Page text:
For more than 40 years researchers and scholars of art history have looked at the Bresi Tondo, a 95 cm diameter circular painting belonging to the Bresi Trust, with more than admiration, emotion or pure pictorial enjoyment. He has looked at it with curiosity. An urgent and concrete curiosity which is proved in a relatively simple question: who is its author? Was it painted by Raphael, as collector George Lester Winward stubbornly believed when he bought the piece in the early 1980s?
Simple question to ask, of course. Answering it is another story. For decades this question is being thrown around and no one is able to give a concrete answer. So far. Thanks to the support of artificial intelligence, a group of researchers claim to have discovered once and for all a strong answer,
To understand the result it is necessary to know the painting in advance. And the reason is Rafael’s theory. In December 1981 George Lester Winward, a businessman from the British county of Cheshire, decided to purchase the piece and add it to his ambitious art collection. He did not do so because of his crush on the painting and its representation of the Virgin Mary with baby Jesus in her arms. Or not just for him, at least.
see further than the eye can see
A detail from the tondo (left) and Raphael’s Sistine Madonna (right).
as they explain in smithsonian magazineI suspected that the tondo was painted by none other than Renaissance genius Raphael Sanzio. And I used to believe it for one very simple reason: faces Mary and the baby Jesus depicted were similar to the famous Sistine Madonna, a Raphael masterpiece.
The problem is that not everyone shared Winward’s belief in that theory. Others thought the tondo was simply a Victorian copy of The Sistine Madonna, a painting commissioned by Raphael for the church of San Sisto in Piacenza during the second decade of the 16th century by Pope Julius II.
To protect his legacy after his death and to ensure that the secrets of his collection, which of course includes the tendons in question, Winward created the de Bracy Trust Collection in 1995. He had a purpose precisely for continuing the pieces available to scholars … scholars of the arts who are improving their arsenal of resources over time.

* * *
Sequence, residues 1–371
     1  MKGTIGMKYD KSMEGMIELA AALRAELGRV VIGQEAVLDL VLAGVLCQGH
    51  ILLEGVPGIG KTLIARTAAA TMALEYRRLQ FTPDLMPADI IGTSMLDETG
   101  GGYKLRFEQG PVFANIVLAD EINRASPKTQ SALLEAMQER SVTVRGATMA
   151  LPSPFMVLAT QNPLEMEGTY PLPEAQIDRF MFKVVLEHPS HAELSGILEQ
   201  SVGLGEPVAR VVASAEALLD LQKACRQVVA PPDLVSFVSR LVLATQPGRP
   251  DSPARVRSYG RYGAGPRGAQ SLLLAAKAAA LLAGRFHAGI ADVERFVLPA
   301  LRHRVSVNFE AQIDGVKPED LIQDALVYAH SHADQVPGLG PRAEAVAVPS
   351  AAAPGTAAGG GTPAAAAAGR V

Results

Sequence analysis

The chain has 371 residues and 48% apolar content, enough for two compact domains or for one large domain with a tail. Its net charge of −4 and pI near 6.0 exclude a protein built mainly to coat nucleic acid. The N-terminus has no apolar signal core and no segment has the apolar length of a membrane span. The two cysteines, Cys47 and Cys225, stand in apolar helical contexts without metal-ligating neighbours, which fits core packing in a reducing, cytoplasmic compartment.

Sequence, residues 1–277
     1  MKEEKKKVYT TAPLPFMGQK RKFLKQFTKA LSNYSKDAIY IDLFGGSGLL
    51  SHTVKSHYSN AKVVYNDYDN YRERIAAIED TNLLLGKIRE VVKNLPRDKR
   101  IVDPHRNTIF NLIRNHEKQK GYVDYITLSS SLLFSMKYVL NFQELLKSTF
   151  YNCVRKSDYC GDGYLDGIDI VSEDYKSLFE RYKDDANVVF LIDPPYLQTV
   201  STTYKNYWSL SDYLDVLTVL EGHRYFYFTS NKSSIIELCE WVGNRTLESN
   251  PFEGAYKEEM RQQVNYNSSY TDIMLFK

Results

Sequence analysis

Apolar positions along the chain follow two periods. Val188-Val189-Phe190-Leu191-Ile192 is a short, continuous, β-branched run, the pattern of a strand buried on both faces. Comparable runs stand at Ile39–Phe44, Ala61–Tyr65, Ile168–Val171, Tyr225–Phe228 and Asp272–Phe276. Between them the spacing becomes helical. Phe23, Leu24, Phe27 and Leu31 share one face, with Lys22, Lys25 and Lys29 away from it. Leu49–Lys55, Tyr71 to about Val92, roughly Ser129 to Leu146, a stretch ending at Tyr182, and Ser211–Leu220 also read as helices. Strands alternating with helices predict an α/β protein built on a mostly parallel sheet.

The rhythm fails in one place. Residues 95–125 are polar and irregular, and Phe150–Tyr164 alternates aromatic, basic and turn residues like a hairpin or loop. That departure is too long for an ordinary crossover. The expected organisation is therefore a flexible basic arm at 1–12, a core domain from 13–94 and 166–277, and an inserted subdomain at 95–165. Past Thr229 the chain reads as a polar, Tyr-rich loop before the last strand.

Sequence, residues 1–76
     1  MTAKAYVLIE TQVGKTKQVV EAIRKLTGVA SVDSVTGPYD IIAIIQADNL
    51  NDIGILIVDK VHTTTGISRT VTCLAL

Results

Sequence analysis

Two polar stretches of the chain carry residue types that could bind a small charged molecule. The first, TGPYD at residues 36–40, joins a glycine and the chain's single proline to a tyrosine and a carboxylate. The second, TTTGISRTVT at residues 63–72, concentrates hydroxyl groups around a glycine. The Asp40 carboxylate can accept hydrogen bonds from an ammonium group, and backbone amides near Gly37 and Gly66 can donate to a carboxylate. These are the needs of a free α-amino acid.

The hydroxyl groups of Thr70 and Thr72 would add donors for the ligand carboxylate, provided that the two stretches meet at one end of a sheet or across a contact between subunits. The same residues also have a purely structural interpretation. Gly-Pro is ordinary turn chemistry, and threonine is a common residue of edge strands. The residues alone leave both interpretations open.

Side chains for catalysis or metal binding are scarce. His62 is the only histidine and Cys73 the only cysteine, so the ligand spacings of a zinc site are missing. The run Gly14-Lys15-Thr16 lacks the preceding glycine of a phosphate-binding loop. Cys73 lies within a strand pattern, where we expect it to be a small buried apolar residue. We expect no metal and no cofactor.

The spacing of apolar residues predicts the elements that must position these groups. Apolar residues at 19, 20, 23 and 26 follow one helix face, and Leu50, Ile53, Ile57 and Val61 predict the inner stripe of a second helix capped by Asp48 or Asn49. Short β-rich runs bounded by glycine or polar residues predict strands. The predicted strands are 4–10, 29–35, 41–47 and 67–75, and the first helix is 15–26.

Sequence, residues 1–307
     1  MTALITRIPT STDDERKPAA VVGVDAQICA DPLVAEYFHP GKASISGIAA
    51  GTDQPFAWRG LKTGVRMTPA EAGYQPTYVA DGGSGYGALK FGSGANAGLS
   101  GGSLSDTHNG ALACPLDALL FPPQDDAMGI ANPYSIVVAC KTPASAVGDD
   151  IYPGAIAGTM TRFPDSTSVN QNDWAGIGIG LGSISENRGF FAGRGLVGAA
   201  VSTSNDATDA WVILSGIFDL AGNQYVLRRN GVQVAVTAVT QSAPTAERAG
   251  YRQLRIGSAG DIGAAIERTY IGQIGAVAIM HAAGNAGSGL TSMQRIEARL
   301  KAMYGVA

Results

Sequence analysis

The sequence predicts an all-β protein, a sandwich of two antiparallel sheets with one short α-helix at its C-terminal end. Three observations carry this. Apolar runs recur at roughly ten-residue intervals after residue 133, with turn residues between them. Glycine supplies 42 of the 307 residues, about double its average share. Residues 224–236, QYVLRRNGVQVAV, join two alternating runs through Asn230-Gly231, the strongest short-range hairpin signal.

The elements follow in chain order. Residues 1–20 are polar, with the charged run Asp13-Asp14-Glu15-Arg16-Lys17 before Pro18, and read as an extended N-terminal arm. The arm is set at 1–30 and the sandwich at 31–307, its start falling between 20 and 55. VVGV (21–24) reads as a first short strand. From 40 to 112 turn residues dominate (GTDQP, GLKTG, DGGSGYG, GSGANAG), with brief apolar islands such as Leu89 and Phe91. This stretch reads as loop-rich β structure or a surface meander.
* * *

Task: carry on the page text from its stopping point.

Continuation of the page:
An important first step was taken in 2004 when, thanks to Raman spectroscopic analysis, Professor Howell Edwards of the University of Bradford found pigments that were commonly used by artists before the 17th century. What’s more, they identified a vegetable-derived, starch-based gum that pointed to a more specific historical period: the Renaissance.
That discovery – Edwards acknowledged – “contributed to dispel the idea that it was a Victorian copy”, but it remained pending ultimate test To connect Tondo with Raphael. If he had painted it, of course.
Over the years various experts in Raphael’s work have come to conclusions after examining the tondo that reinforce English theory. For example, it is reported that it was painted in Rome. One of them, Murdoch Lotian, went further and suggested that it may predate the Sistine Madonna, for which it may have served as a model. However, for many the final judgment has now come. And not by the hands of scholars, but by artificial intelligence.
Experts from the Universities of Bradford and Nottingham have compared the enigmatic tondo with a painting of The Sistine Madonna, using facial recognition tools that use AI. The aim was to find similarities between the faces of Mary and Jesus in both images and their findings have been spectacular: in the case of the Madonna, the similarity discovered by the AI reached 97% and 86% in case of child. Both percentages are well over 75%, which experts take as a reference to speak of the same level of equality.
“The forensic facial comparison study we conducted confirmed that the faces of the Bracy Madonna and Child and the Sistine Madonna are identical. Viewing the faces with the human eye shows an obvious resemblance, but at the pixel level computers are far more accurate than we are.” can see much deeper,” explains Professor Hasan Ugail from the University of Bradford.
With this data and previous studies, Ugail and his colleagues are blunt: “The same model was used for both images and, without a doubt, they are from the same artist,
To refine the tool, Ugel turned to millions of faces that allowed him to train an algorithm that is responsible for recognizing and comparing facial features across thousands of dimensions. The system uses a deep neural network (DNN) to pass data through multiple filters, allowing it to identify patterns with an accuracy far greater than that of humans.
“The technology can be implemented in a variety of purposesincluding art analysis and even medical care”, highlights the Bradford specialist.
For now, the tool has already managed to put to rest — at least for the study’s authors — an artful debate that has faced scholars for decades.